A Valentine’s Day primer
Wednesday, February 6, 2019
My Valentine can be a stubborn cuss.
Last Friday, after agreeing to join me for an Art Walk date night, he tried to back out of our assignation. It was dumping rain and he was having difficulty finding a place to park, and he took these calamities as signs we should just head home and hole up already.
Instead of capitulating, I pointed to a spot near the Redlight that had just opened up on State Street.
“All right, you win,” he muttered, pulling the car in and securing his fate.
Since the art collection at the Redlight was on the list of exhibits I wanted to check out in advance of the day of love, I suggested we start there with a happy hour drink and see where the night led. He smiled and nodded his assent.
After securing a primo table in the middle of the small-but-sparkly space and ordering house-infused cocktails and pork wontons to share, we turned our attention to the exhibit, Taylor Rae VonDoom’s “My Trashy Valentine.” The particulars on the Art Walk map noted the show was a “surprise collection of new, Valentine’s-colorful, super-graphic, alley-centric landscapes from downtown Bellingham,” and I was intrigued.
At the center of the exhibit is “My Trashy Valentine Throws Up in the Alley” ($350)—a title that sounds iffy, but in reality is pretty amazing. Featuring an iconic alley in the urban core—I’d tell you where it is, but I want you to come to the realization on your own—the spare, vomit-free image reveals colorful trash bins, street lights, a bit of sky and the sense that the side street leads to eternity. The two paintings on the side of it focus on alleys near the downtown Parkade and the Depot Market Square, and will be instantly recognizable to those who visit the city on a regular basis.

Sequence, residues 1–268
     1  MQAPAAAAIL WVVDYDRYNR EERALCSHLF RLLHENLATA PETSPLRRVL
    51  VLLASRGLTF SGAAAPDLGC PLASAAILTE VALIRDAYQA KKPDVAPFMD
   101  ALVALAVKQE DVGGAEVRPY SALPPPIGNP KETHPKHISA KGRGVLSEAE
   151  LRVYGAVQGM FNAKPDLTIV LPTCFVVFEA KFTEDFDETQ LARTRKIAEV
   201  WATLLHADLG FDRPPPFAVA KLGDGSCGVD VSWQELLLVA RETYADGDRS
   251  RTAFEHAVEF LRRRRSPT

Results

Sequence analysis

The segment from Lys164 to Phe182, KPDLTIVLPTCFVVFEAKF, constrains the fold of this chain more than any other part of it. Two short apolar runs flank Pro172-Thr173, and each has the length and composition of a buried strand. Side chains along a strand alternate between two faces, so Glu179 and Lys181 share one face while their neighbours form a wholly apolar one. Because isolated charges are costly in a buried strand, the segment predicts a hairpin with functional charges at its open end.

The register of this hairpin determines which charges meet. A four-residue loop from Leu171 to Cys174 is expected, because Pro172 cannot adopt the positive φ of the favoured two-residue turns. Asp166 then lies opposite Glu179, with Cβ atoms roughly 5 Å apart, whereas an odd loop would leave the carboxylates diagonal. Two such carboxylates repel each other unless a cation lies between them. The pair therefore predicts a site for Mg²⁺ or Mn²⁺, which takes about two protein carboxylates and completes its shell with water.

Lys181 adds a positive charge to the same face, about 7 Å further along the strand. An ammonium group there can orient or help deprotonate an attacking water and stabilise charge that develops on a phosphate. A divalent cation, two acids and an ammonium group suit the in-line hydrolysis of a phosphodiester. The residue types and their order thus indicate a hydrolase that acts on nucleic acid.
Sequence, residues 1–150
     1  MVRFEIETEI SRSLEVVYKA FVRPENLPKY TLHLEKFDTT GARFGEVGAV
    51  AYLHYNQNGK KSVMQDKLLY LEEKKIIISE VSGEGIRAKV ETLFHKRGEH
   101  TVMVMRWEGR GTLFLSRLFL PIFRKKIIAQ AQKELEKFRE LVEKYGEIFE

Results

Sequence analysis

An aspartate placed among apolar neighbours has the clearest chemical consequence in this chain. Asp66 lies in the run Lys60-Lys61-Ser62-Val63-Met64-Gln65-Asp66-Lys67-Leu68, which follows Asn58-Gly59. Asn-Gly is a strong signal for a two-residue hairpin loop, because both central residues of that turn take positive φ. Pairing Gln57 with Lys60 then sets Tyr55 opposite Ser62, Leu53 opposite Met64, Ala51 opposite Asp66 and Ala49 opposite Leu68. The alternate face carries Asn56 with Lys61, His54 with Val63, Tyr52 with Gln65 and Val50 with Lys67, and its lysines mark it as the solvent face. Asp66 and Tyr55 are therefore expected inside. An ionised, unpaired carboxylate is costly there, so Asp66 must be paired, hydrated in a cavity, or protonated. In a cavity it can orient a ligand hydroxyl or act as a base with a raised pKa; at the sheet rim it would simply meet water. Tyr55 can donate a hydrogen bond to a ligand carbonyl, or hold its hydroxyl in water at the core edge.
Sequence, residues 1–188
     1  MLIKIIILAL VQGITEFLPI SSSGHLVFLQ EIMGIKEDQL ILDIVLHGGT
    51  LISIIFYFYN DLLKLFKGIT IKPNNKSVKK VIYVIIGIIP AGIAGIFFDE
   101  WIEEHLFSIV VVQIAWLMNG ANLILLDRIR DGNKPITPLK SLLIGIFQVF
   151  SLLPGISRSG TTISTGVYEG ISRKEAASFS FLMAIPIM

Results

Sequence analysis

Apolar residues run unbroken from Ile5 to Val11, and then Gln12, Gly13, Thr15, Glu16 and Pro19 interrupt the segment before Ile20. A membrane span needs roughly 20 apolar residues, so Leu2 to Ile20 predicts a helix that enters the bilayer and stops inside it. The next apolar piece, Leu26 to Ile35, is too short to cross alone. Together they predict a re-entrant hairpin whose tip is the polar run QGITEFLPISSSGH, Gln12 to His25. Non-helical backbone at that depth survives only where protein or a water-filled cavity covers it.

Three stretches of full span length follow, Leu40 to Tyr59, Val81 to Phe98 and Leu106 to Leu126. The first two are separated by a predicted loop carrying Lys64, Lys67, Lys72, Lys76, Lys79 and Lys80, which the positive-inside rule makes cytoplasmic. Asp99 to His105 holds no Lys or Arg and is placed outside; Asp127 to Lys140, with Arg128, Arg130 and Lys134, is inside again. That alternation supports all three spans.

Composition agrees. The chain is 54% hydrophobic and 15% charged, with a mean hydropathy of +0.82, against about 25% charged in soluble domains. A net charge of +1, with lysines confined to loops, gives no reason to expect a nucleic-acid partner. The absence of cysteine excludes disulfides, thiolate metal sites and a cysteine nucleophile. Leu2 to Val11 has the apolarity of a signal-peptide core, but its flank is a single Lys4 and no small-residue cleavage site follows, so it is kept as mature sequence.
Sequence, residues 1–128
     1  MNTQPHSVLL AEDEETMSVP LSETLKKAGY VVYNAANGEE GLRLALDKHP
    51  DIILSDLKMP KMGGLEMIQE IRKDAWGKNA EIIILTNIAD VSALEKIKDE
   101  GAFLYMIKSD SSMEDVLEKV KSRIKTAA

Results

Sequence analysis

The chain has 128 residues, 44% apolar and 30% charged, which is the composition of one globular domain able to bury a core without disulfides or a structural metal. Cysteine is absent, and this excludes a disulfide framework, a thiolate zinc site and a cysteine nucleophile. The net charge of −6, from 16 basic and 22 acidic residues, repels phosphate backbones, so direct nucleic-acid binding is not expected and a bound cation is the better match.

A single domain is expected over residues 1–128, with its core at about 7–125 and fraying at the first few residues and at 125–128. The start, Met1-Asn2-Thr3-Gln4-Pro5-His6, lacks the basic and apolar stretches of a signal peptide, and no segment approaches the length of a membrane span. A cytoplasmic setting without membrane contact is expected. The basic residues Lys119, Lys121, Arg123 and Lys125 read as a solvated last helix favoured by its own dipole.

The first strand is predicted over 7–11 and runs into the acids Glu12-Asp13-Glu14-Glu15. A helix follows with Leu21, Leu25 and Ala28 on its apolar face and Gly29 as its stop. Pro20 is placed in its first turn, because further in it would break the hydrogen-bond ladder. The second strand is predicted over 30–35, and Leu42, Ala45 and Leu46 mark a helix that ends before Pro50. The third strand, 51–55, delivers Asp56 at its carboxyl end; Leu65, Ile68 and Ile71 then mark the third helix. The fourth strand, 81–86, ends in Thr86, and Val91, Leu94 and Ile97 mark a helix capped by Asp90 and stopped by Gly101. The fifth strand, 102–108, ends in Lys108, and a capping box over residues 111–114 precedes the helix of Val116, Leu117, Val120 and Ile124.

After leaving the Redlight, we popped into the Western Center on the first floor of the Herald Building, where Western Washington University alumnus Jennifer Bowman’s dynamic paintings of flora, fauna, hummingbirds, beaches and rusty old trucks were filling the walls of the large space.
I noted that any one of the eye-catching works by the award-winning artist would make a great Valentine’s Day gift, and my date agreed. (If he’s reading this, I hope he knows I’m talking about the painting of the wild-eyed rooster. )
I’d like to report that we spent the next couple of hours visiting all of the other exhibits I’d marked on my itinerary, but my date was still hungry and insisted on taking me out for dinner.
Over sushi and ramen, I removed the map from my purse and pointed out places people could go for Valentine’s Day viewing or to purchase art for their loved ones.
The list included Laura Kristine’s “Bicycle Love” photographs at Cafe Velo, the “LOVE FOR SALE” Valentine/art exhibit at Social Fabric—featuring art that could easily double as a token of your affection for that special someone—and “In the Bedroom: An Exploration of Queer Identity” at WinkWink.
“These are just the exhibits with some sort of Valentine’s Day theme,” I posited, “but I bet you could go to the most of the venues on the Art Walk list and find something amazing to look at or purchase. Art is a gift that keeps on giving, after all.”
For a full listing of February’s Art Walk participants, go to http://www.downtownbellingham.com
The accidental gardener
Each spring, I’m amazed anew at the sheer amount of green things budding on limbs and poking out of the thawing soil in my front and backyard.
I’m vaguely referring to the miracle of nature and the cyclical joy the eventual warming of the seasons brings, but a large part of the wonder is…
Lehmann and Lavelle
Abstraction in action
This month offers a fine opportunity to see and compare the work of two outstanding artists—Anita Lehmann at Perry and Carlson Gallery in Mount Vernon, and Margy Lavelle at i.e. gallery in Edison. Each creates “abstractions,” but their approaches are very different.
The Art of Caring
Nine years ago, the first “Healing through Art” exhibition at Bellingham’s PeaceHealth St. Joseph Hospital proved that medical personnel weren’t the only ones capable of helping patients and their loved ones on the journey to wellness.
Curator Linda Gardner says that initial…